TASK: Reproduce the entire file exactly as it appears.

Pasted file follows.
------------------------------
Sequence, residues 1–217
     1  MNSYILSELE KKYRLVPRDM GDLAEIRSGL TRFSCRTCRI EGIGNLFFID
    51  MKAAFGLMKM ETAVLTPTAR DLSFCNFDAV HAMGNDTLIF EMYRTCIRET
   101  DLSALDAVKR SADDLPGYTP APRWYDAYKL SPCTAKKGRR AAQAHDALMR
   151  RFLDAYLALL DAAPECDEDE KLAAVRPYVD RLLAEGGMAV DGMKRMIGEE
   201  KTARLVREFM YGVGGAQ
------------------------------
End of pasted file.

Sequence, residues 1–217
     1  MNSYILSELE KKYRLVPRDM GDLAEIRSGL TRFSCRTCRI EGIGNLFFID
    51  MKAAFGLMKM ETAVLTPTAR DLSFCNFDAV HAMGNDTLIF EMYRTCIRET
   101  DLSALDAVKR SADDLPGYTP APRWYDAYKL SPCTAKKGRR AAQAHDALMR
   151  RFLDAYLALL DAAPECDEDE KLAAVRPYVD RLLAEGGMAV DGMKRMIGEE
   201  KTARLVREFM YGVGGAQ